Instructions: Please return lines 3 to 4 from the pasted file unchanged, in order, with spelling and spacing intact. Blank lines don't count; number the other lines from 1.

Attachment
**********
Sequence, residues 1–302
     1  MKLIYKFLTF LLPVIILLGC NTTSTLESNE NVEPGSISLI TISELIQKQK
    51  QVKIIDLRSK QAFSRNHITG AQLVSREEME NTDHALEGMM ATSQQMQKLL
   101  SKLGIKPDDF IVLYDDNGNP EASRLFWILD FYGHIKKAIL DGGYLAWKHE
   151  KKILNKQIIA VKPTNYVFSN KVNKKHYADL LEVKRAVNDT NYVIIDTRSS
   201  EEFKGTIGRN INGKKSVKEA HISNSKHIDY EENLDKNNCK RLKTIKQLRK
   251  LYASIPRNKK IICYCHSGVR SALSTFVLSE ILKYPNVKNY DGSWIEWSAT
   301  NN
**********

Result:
    51  QVKIIDLRSK QAFSRNHITG AQLVSREEME NTDHALEGMM ATSQQMQKLL
   101  SKLGIKPDDF IVLYDDNGNP EASRLFWILD FYGHIKKAIL DGGYLAWKHE